Carers need care too

Help and support is available for carers

Key points about carers need care too

  • Whether you’re looking after or helping someone close to you on a regular basis for a few or many hours a week, there’s information, support and services available.
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Carers are individuals, family, whānau and āiga who provide care for someone close to them who needs help with everyday living because of a disability, health condition, illness or injury. Words such as ‘support’ or ‘manaakitanga’ may better describe the way a carer sees caring as a natural part of what they do for the people they love.  

Granddaughter helps grandmother by combing hair
Image credit: Ministry of Social Development

There are approximately 430,000 carers in Aotearoa New Zealand – about 1 in 10 people.

Caring plays a crucial role in society as it allows people to live and participate in their communities. It also helps reduce dependence on the health and aged care systems. Carers make a significant contribution to the quality of life of the person they care for.

Depending on your situation, being a carer can be different for everybody. For example, you could be caring for a disabled child, supporting a friend with a mental health condition, looking after an older family member or caring for a sick partner. 

The care you give could be needed suddenly due to unforeseen circumstances such as an accident, or it could develop gradually over time, eg, if you have an ageing parent or grandparent who needs increased support.

You may be caring for someone in your own home or outside of your home, and it may be part or full-time. The care may be required short-term or long-term and it can vary in the degree of difficulty and/or amount of time needed to care for the person.

Demand for carers is growing because people are living longer, more people have multiple long-term health conditions, and more people are living at home rather than going into residential care. 

Daughter helps mother with hanging out clothes
Image credit: Ministry of Social Development

According to the Ministry of Social Development:

  • About 1 in 10 New Zealanders are carers. 
  • Carers are nearly twice as likely to be female (63% female). 
  • Carers span all ethnic backgrounds, with the majority being European and Māori (European 70%, Māori 15%, Pacific 6%, other 2%). 
  • The carer population is older than the New Zealand population (20% of carers are over 65 years, compared to 15% of all New Zealanders). 
  • Nearly one in 10 carers are 1524 years of age. 
  • Nearly two-thirds of carers are employed outside of their caring role (63% in full-time or part-time employment). 
  • About 1 in 5 carers live rurally (17% live in a rural settlement or other rural location). 
  • The value of unpaid family care is about $10.8 billion per annum (2013). The value is expected to have significantly increased since 2013. 

The role of a carer is often hidden in families/whānau and communities partly because many people consider it to be something that you just do. 

While caring for a loved one can be immensely rewarding, it can also be challenging. Support is usually focused on the person needing care, but as more people become carers, it's important that you take good care of yourself and get support.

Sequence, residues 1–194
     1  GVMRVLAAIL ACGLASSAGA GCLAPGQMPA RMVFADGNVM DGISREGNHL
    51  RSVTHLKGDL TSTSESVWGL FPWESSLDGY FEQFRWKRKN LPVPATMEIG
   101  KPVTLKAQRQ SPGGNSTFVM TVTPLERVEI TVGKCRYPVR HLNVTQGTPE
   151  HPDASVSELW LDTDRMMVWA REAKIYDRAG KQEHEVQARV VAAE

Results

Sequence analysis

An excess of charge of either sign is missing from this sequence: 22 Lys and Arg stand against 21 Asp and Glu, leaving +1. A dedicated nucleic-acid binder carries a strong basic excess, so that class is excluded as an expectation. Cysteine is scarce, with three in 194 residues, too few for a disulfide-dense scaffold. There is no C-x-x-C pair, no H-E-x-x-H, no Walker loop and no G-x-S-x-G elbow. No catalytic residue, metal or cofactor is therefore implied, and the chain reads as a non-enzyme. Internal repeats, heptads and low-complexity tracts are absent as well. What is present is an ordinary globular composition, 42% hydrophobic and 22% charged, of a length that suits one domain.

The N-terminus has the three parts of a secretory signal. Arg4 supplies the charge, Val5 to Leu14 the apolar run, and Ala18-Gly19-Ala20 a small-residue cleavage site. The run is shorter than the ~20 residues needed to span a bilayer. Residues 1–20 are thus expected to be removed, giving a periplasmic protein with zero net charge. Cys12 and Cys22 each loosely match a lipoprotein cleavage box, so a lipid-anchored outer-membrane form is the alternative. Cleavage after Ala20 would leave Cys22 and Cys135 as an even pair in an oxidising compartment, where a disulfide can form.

Respite is important for both of you!

You need time out or a break from your responsibilities as carer. This could be a few minutes snatched here and there during the day, an hour or two each week, or a longer planned break, such as formal respite care. The time out can be to do anything that makes you feel energised, refreshed and ready to step back into your caring role. 

You might be worried about ‘stepping away’ temporarily from the person who needs your support.  But having a break from you can encourage independence, build self-esteem and provide a wider range of opportunities for socialisation. When you get back together again, you’ll have different things and new experiences to talk about. 

 You might also like to share a hobby with the person you’re caring for, eg, gardening together. Or they may benefit from participating in an activity programme that could provide an opportunity for you to have a break. Health New Zealand | Te Whatu Ora funds activities and services for people with high and complex needs and/or an intellectual disability(external link)Read more about services provided(external link) to support people with disabilities and the people who care for them. 

Ask for help and let others step in

It can be easy for carers to underestimate their own needs and not do anything about them, or simply not know where to turn for help. Putting others’ needs first can see you become more socially isolated, exhausted and possibly unhappy. It can also mean you postpone your own health checks or put your own needs way down the priority list. 

Seeking help early and using the support services available helps you to continue caring for your whānau member for longer. It is best not to wait until you are desperate or exhausted before you ask for help or an outside person or agency has to intervene because your situation has got to crisis point.

It’s important that you don’t try to manage alone. You are entitled to help from health professionals and social services (see the list below). Family, friends and neighbours may offer to help, so take up their offers. Think of ways to let them help with caring and explain exactly what you would like them to do.